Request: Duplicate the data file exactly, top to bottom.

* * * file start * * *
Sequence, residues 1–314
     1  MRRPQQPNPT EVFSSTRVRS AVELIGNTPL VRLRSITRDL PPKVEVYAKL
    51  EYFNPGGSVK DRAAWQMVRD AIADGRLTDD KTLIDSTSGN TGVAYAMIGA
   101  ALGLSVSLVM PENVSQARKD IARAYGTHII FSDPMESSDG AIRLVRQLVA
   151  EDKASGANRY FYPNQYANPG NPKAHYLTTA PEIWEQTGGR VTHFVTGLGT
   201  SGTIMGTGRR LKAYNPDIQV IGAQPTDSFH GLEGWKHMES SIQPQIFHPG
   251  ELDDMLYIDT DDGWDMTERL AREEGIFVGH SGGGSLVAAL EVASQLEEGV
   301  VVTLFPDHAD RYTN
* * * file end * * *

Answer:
Sequence, residues 1–314
     1  MRRPQQPNPT EVFSSTRVRS AVELIGNTPL VRLRSITRDL PPKVEVYAKL
    51  EYFNPGGSVK DRAAWQMVRD AIADGRLTDD KTLIDSTSGN TGVAYAMIGA
   101  ALGLSVSLVM PENVSQARKD IARAYGTHII FSDPMESSDG AIRLVRQLVA
   151  EDKASGANRY FYPNQYANPG NPKAHYLTTA PEIWEQTGGR VTHFVTGLGT
   201  SGTIMGTGRR LKAYNPDIQV IGAQPTDSFH GLEGWKHMES SIQPQIFHPG
   251  ELDDMLYIDT DDGWDMTERL AREEGIFVGH SGGGSLVAAL EVASQLEEGV
   301  VVTLFPDHAD RYTN